The sequence of events is rather simple, as Hans Passant explained in comments. You voted "looks ok" on an answer which is deleted. And that's all she wrote, audit failed. Just plain machine logic, nothing to take personally. The true learning to be done is not in why you failed the audit, but in how you could have prevented yourself from clicking the
wrong button button that triggers an audit failure.
Given that you're actually asking how you could know what is wrong, I'm going to focus on that. There are a few paths that you could have taken that could have made you escape the pending doom, in this case. No guarantees, sometimes the red herring dangling in front of you just doesn't smell.
Path #1: actually opening the question in a new tab to scan the more complete picture. Normally, pulling out of review for a second is especially prudent when you're not familiar with the subject matter (Java) which you aren't in this case by your own admission - you are best off to see comments and possible other answers to get enough input to be able to make a reasoned review decision. heck, it can help to see if there are edits that have already been done on the content. Those are all things you can't see in review.
You would have spotted that the answer in fact no longer exists. That is basically the only clue you need that "looks ok" is absolutely not the option to choose.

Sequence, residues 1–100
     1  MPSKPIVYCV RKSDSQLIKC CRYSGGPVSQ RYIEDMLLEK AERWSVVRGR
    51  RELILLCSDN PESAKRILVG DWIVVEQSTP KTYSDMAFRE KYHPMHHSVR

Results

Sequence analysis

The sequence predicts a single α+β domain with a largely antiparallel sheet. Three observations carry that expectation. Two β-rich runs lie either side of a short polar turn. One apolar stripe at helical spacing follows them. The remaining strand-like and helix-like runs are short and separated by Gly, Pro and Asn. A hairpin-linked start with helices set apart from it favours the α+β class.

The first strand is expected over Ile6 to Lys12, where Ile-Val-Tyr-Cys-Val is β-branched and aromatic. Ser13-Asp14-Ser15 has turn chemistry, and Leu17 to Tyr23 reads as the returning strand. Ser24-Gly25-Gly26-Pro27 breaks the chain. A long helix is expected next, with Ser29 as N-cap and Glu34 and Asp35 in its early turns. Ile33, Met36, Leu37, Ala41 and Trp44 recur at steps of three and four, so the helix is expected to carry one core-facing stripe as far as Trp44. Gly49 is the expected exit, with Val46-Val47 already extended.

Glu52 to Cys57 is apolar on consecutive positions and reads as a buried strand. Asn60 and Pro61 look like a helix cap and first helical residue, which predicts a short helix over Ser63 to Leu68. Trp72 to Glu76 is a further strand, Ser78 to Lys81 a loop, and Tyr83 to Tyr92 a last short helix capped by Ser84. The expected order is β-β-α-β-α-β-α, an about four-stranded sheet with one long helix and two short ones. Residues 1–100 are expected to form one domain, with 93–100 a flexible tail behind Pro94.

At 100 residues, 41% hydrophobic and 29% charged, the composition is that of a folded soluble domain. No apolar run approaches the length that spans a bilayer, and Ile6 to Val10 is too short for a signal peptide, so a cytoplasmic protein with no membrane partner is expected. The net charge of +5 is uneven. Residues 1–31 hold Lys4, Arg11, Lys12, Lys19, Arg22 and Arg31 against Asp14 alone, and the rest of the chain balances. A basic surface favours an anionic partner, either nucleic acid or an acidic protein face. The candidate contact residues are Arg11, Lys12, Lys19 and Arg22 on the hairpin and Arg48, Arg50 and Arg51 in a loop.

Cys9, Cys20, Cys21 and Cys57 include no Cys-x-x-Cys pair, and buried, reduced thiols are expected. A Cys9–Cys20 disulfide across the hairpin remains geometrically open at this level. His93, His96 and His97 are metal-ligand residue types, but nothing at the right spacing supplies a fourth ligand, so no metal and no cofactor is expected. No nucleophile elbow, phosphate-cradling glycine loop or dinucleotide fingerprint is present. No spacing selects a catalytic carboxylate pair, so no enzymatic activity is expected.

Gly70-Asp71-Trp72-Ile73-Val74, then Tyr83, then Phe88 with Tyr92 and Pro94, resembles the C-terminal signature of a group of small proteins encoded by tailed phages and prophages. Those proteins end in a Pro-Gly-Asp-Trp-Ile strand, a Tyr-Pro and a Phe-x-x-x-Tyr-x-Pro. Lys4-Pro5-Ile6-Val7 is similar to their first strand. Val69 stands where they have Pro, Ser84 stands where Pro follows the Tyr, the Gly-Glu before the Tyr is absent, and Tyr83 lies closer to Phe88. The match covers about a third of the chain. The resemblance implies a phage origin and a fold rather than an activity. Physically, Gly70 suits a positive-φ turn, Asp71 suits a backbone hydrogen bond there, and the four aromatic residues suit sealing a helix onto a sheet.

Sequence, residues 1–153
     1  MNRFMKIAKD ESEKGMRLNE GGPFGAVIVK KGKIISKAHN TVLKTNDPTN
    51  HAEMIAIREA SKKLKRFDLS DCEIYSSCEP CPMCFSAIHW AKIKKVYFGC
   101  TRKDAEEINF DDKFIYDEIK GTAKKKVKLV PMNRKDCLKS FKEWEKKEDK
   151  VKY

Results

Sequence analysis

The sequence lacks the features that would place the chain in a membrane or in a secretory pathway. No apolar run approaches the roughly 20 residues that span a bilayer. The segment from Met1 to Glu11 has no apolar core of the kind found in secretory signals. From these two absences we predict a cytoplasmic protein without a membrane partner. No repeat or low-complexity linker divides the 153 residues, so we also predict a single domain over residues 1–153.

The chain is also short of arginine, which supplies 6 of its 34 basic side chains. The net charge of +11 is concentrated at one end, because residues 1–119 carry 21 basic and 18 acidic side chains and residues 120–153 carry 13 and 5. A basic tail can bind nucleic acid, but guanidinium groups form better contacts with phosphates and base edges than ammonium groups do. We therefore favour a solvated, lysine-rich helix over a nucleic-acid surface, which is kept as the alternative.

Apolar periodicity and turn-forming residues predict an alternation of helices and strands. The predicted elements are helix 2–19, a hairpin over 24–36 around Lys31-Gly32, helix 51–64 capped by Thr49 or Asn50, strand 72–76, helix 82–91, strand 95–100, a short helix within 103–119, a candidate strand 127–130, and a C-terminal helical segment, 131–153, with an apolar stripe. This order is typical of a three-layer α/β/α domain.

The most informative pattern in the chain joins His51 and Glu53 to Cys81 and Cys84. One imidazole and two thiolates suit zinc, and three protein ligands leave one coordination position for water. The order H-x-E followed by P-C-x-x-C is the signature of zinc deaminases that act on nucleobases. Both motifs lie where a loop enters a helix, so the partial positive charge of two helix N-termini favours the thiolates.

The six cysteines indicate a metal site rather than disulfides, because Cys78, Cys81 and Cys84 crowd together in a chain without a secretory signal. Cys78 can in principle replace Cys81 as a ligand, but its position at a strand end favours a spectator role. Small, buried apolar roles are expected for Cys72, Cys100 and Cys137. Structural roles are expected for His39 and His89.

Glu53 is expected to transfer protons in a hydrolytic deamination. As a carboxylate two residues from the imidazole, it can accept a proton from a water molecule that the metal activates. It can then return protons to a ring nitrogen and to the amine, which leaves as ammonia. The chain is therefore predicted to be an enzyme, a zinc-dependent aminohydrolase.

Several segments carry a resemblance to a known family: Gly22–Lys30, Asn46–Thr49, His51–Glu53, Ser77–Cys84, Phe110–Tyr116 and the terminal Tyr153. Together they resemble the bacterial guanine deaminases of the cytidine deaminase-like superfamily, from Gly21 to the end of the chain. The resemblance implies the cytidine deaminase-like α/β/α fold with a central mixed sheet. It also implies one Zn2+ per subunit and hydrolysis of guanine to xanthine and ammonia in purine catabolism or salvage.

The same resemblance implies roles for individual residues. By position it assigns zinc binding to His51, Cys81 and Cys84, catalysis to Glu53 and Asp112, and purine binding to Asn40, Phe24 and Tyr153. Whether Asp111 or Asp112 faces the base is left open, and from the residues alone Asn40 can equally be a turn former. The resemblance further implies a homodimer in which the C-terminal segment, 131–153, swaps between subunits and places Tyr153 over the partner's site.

This is less relevant for this particular review queue however, as Magisch rightfully explains in the comments. I quote:
Actually, you don't need to be in command of the subject material to review LQP posts. The only judgement you make in that queue is "Is this even an attempt of an answer?" If yes, "Looks OK"
That makes it especially more difficult to "catch" the audit using this method as you have a lot less reason to go look at the entire question. That doesn't change the fact that it can do the job.
Path #2: According to Magisch in the comments there is a user script which can help to spot audits, which is a safeguard against these kind of awkward/bad audit targets. I'm not going to say you must install such a thing, but you could.
When it comes to other queues there are more tricks to not be burned by an audit, indeed such as skipping when you're reviewing proposed edits you're not sure of.
I'm not going to argue with Lundin that the review audit system is broken because it is definitely flawed in several ways. But that wasn't the question asked.